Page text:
The Legend of Zelda: A Link Between Worlds - 3DS Review

This game is a long time in coming. Having originally picked up A Link Between Worlds upon release and wanting to do nothing more than play the sequel to my favorite Legend of Zelda: A Link to the Past, life got in the way. Fast forward three months and I decided to pick it back up and restart from the beginning while heading out on a trip. The result was a bit of a sun burn and a hugely satisfying journey.

Once again taking up the role of Link in one of his many reincarnations, The player sets out to deliver the captain of the guard’s sword because Link overslept for work yet again and are in a heap of trouble. This is where A Link Between Worlds starts off story wise while doing something different in the way of a sequel in this series. Instead of a new location like Termina or different seas like Phantom Hourglass, players of A Link to the Past will find themselves at home, revisiting the same Hyrule once again as they head off on their delivery.

A Link Between worlds bring a new feature by attempting to create an “open-world” Legend of Zelda. Typically there is an order as to which dungeon has to be completed before moving on, but this time around the order that players wish to take is entirely up to them, as long as they have the tools available to open up the ways. This was fun because it meant that if I was getting my trousers handed to me in one dungeon, another could always be attempted.

In the game's spirit of doing something differently, Link does not find the required adventuring tools through the various large chests in the dungeons scatters throughout Hyrule. He instead finds them right at home with a man named Rovio who sets up shop to rent them to you (apparently even adventuring is becoming subscription based). I’ll be honest and say that I did not like this man setting up shop in my home and making me pay to rent equipment from him. Staying for free he should have been going out of his way to hand over the tools when they were required. The equipment is yours until the moment when the last segment of your hearts goes out. Once that final breath of life has been snuffed out and there are no more bottled fairies to bring you back to your feet, Rovio’s bird comes to reclaim what belongs to the shop.

After a certain point in the adventure, Rovio changes his tune slightly. Now, as well as the option to rent out a Bow, a Hookshot, or an Ice Wand, Link can outright buy them for what may see like a fairly steep price by that point in the adventure. Thankfully, within the various chests are lots and lots of money making it fairly accessibly by the end of the adventure to own all of the equipment available.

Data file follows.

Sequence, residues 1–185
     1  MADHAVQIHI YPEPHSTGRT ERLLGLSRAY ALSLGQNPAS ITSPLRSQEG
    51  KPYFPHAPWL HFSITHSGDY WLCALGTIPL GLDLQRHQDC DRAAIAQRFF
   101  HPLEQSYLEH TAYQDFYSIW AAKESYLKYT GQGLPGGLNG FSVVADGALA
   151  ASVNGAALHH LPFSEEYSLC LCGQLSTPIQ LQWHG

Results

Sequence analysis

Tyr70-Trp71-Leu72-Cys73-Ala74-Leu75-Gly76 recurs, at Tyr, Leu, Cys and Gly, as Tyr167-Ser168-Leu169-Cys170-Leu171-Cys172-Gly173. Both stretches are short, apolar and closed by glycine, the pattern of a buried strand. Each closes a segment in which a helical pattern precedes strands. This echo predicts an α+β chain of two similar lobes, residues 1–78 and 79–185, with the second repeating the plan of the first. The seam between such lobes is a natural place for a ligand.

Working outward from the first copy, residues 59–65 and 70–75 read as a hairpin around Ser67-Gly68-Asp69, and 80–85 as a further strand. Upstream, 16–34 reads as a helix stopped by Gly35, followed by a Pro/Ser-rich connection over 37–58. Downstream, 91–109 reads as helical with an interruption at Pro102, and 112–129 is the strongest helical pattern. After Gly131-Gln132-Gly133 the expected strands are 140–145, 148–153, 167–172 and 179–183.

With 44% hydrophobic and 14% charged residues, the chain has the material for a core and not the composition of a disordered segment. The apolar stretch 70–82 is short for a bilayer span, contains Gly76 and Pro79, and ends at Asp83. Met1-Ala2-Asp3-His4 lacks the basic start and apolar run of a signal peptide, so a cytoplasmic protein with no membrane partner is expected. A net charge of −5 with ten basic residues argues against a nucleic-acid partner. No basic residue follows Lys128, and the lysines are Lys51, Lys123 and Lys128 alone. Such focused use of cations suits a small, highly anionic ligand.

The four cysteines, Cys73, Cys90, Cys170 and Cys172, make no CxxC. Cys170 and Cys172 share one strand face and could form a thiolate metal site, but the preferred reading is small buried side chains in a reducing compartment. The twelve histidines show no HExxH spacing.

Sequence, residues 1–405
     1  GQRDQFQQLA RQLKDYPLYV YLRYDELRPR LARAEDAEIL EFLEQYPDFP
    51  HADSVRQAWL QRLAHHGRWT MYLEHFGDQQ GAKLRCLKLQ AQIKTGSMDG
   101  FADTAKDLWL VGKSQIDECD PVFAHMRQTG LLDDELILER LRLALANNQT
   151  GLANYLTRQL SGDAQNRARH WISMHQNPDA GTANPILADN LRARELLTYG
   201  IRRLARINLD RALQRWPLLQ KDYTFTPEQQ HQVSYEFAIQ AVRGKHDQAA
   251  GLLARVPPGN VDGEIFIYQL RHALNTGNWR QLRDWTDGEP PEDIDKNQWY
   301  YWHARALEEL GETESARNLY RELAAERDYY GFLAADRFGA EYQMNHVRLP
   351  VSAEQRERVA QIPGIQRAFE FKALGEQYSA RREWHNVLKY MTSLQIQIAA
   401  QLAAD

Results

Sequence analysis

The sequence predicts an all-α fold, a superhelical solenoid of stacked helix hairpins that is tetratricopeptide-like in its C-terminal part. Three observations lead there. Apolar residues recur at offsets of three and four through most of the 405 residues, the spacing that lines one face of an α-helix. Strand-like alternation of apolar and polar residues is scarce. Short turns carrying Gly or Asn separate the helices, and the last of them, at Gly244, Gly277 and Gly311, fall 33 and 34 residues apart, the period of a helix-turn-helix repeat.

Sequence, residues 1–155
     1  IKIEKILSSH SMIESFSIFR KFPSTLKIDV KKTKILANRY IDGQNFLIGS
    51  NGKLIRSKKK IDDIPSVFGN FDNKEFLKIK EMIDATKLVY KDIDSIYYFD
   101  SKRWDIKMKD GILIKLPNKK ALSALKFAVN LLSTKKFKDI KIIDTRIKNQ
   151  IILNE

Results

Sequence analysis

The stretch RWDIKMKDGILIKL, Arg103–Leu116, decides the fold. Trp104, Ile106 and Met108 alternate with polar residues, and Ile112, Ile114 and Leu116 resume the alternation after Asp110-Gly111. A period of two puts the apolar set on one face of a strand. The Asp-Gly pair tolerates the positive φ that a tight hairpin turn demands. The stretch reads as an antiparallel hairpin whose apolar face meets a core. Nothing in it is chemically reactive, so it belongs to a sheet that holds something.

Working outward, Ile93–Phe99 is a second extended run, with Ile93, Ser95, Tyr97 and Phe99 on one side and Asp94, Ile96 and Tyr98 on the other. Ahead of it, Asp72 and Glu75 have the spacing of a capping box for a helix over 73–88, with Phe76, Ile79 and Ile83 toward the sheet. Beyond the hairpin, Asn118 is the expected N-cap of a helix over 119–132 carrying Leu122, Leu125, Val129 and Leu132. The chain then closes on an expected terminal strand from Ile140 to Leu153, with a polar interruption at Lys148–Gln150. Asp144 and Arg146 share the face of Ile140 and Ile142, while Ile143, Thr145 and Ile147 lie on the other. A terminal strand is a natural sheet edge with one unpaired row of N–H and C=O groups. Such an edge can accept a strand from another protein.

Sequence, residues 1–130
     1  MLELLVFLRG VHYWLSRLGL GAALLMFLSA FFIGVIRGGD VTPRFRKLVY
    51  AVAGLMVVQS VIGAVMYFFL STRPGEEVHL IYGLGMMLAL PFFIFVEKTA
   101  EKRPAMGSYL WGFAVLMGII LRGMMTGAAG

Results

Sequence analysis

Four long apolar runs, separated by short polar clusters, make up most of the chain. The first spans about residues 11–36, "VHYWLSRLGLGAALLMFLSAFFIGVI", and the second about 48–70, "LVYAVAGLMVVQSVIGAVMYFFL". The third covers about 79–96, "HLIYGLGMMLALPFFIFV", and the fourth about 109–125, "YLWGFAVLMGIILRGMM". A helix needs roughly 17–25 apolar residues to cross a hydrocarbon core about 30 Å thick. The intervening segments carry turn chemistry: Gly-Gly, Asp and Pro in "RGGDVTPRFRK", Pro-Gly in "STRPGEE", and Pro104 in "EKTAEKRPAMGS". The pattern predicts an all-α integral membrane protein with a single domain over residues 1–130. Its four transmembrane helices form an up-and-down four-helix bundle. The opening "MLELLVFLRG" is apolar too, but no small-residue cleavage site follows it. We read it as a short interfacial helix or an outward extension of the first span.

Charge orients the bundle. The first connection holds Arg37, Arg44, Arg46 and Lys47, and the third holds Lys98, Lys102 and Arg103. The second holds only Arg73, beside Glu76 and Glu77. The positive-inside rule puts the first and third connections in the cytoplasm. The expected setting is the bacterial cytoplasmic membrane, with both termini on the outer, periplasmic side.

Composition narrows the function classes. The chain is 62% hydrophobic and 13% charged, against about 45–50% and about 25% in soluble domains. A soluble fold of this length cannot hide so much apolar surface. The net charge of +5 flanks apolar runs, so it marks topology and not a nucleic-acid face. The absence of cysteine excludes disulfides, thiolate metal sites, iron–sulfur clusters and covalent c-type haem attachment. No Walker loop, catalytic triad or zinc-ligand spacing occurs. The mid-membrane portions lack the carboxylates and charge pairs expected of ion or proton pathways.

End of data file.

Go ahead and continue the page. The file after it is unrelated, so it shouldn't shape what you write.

To boost the incentive on owning the equipment is Mother Momai, a large octopus like worried mother who was separated from her one-hundred children. By finding and returning to her ten of her children, like the fairy in the original A Link to the Past, she will grant an upgrade to any weapon currently possessed. Worry not, she will hold on to the upgrades for weapons you don’t yet own until you arrive with the rights to that weapon.

Exploration between the worlds of Hyrule and Lorule follow along the same principles. Look, lift, swim, jump, and blend yourself into the wall and run across it to fit through cracks in the walls or just over onto another platform. The ability to merge into the wall as a painting has multiple uses in which can be used at any time to either do the following, or even to dodge a bosses attack or an enemy's projectile. Using this magically ability is key if you wish to reach the boss room of each dungeon that can be found between the two lands.

There is however one catch. Then again when is there not? This magically ability has a magic bar as is pretty standard by now. The catch? For the first time ever, each weapon and tool that Link has access to requires a portion of the magic meter to be used. Need to shoot an arrow? Need to remove a boulder from your way? Each of these actions depletes the magic meter instead of actually requiring to have a quiver or a bomb bag that needs to be upgraded later. Between merging into walls and using the tools, keeping an eye on that meter is going to be extremely important. Now it can see like a bit of a drawback that these items are no longer in stock but honestly with how fast the meter regenerates, I thought it worked out even better than having to worry about inventory numbers.

A Link Between Worlds is a solid Legend of Zelda entry on the Nintendo 3DS that was a joy to play all on its own before even considering that it was the sequel to one of my beloved classic Zelda entries. If this is a test as to what Nintendo can do with a Zelda in regards to thinking in an open world like scenario, then we should be in for an an interesting and awesome time once The Legend of Zelda Wii U is released later this year.

Review by Pierre-Yves

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